"Research done by the Free University of Bozen-Bolzanohas in Italy concluded that happy software developers are better at solving analytical problems. 'Even simple and short activities', the researchers note, 'may impact the affective states of software developers.'
Many large software companies have been providing various perks to developers, hoping that they will become more productive. Based on a study of 42 students from the Faculty of Computer Science, this research seems to validate that practice. Its findings suggest that 'the happiest software developers are more productive in analytical problem solving performance.' This is in contradiction to previous studies, most of which concluding that negative affective states foster analytic problem-solving performance.
Physical (assembly line, etc) productivity has been extensively studied, going back well over a hundred years, here's a bibliography starting with Taylor,
http://www.oxfordbibliographies.com/view/document/ obo-9780199846740/obo-9780199846740-0027.xml [oxfordbibliographies.com]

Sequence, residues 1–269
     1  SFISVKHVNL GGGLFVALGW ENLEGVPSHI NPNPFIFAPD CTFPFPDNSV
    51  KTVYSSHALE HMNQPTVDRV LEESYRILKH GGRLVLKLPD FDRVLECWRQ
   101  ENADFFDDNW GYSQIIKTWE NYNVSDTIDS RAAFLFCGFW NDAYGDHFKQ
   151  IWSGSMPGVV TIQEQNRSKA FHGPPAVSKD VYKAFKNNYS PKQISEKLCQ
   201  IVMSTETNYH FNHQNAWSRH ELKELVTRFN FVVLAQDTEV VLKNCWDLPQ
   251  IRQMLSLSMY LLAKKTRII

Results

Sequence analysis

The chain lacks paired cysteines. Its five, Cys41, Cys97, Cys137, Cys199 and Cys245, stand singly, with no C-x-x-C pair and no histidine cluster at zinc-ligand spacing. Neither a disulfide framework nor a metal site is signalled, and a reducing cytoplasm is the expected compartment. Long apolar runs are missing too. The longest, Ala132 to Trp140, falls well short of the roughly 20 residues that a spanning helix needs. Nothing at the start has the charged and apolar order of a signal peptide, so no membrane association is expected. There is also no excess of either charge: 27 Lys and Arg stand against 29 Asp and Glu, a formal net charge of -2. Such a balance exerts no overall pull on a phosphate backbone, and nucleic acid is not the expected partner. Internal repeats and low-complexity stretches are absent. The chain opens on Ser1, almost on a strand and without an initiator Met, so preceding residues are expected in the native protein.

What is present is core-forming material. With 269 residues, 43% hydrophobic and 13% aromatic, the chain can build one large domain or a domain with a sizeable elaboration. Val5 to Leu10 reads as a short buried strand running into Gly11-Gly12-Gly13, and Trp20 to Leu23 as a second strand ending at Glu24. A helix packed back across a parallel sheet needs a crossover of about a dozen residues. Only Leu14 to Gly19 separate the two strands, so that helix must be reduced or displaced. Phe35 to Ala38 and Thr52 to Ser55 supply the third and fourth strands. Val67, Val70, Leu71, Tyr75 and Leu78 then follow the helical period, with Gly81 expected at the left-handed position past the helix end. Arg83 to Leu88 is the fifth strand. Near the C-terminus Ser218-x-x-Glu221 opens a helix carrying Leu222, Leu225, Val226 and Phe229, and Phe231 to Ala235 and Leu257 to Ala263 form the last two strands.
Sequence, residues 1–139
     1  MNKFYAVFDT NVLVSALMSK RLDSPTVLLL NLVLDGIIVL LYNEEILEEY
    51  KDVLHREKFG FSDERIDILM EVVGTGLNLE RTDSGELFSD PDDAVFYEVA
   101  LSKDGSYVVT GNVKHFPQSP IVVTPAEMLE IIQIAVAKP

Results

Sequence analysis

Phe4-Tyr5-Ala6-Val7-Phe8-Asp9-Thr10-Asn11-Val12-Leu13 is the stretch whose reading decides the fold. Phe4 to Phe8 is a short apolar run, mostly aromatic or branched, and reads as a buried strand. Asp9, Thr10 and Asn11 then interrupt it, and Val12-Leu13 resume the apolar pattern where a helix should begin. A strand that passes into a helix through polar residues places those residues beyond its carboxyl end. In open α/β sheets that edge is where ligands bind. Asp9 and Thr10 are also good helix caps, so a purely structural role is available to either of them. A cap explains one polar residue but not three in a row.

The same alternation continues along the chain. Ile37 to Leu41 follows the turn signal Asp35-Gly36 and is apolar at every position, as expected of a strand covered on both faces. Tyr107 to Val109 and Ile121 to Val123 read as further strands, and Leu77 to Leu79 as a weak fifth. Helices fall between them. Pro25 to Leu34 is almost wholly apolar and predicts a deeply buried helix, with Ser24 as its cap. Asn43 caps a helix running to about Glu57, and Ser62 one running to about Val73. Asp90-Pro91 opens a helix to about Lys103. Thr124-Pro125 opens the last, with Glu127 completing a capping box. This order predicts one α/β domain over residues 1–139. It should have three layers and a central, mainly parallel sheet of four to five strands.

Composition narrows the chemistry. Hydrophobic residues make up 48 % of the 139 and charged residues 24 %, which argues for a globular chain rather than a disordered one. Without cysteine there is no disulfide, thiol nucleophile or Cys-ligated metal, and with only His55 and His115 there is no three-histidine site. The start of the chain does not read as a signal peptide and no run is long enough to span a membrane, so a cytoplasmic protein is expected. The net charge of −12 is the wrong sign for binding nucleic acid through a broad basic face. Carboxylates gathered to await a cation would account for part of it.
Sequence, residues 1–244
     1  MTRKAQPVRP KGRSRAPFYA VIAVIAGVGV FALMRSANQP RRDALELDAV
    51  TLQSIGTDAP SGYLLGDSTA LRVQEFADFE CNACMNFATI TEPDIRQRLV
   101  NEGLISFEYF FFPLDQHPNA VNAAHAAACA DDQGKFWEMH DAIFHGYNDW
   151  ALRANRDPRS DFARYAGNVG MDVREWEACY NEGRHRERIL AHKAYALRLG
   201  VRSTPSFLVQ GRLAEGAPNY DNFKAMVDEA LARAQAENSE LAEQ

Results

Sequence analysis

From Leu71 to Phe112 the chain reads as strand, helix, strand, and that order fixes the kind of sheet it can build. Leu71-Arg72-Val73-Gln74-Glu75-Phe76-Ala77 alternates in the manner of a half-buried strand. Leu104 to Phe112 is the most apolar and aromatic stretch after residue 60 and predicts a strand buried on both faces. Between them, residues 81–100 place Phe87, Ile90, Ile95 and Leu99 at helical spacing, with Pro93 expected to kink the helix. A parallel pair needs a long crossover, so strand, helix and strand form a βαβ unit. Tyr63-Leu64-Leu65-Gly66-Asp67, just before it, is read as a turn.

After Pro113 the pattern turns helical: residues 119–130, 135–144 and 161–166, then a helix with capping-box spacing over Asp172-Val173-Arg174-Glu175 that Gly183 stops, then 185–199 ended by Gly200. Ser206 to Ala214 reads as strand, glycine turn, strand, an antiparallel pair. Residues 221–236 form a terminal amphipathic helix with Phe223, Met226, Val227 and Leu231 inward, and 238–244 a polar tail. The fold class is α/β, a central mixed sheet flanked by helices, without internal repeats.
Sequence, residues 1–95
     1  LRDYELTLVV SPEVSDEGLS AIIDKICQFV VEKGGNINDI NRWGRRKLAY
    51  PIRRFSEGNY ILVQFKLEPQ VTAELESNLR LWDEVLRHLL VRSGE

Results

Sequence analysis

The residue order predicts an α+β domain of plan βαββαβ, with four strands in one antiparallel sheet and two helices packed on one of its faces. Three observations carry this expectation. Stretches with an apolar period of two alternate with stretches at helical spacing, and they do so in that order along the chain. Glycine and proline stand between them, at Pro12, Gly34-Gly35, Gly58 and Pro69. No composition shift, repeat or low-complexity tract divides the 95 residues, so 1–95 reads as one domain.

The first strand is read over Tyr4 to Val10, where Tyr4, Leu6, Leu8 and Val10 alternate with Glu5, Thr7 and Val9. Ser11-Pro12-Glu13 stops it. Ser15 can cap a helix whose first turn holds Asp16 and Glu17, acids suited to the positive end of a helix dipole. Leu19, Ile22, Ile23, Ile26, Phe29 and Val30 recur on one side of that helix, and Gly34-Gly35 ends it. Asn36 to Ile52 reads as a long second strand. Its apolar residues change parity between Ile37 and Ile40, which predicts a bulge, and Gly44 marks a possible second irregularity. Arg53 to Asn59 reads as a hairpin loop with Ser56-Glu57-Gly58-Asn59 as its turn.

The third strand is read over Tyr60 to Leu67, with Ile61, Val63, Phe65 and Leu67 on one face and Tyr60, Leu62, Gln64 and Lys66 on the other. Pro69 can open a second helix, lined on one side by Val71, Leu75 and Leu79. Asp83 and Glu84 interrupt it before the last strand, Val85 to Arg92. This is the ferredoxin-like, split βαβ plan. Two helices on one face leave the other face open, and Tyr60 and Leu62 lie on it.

I've seen a confounding result too (sorry, can't remember the reference)--when workers were studied (at least in the early days), they responded to the additional attention by increasing their productivity. This led to a number of false positives in terms of modifying the work environment for higher efficiency. Once the study and the researchers left the factory with an updated production process, productivity returned to the original level.
At a later date, workers were wise to researchers with clipboard and stopwatch. They might sandbag (slow down) to give a false baseline for the study.
Are there any parallels to the present time, with respect to mental/analytical work?
You make a good point. Motivation is one factor that's hard to test and control, and goes beyond environmental/procedural considerations.
This is a whole other kettle of fish, but I think progressive mutualisation is probably a good way to motivate people (ie a small proportion of an employee's salary is paid in equity. Over time it reaches some reasonable maximum level of ownership per-employee. So over time more productive work means more profit). If the balance was right it would probably work out more profitable for the original investors as well, due to increased productivity and loyalty of the workers.
I think that's the Hawthorne Effect [wikipedia.org], where workers improve their performance in response to any change in their environment (positive or negative), simply because they know they're being studied.
A sort of Heisenberg principle for social experiments...
(Though it seems that some of Hawthorne's initial results may have had other explanations.)
Bingo, this section of the Hawthorne entry was particularly interesting, Interpretation and Criticism [wikipedia.org].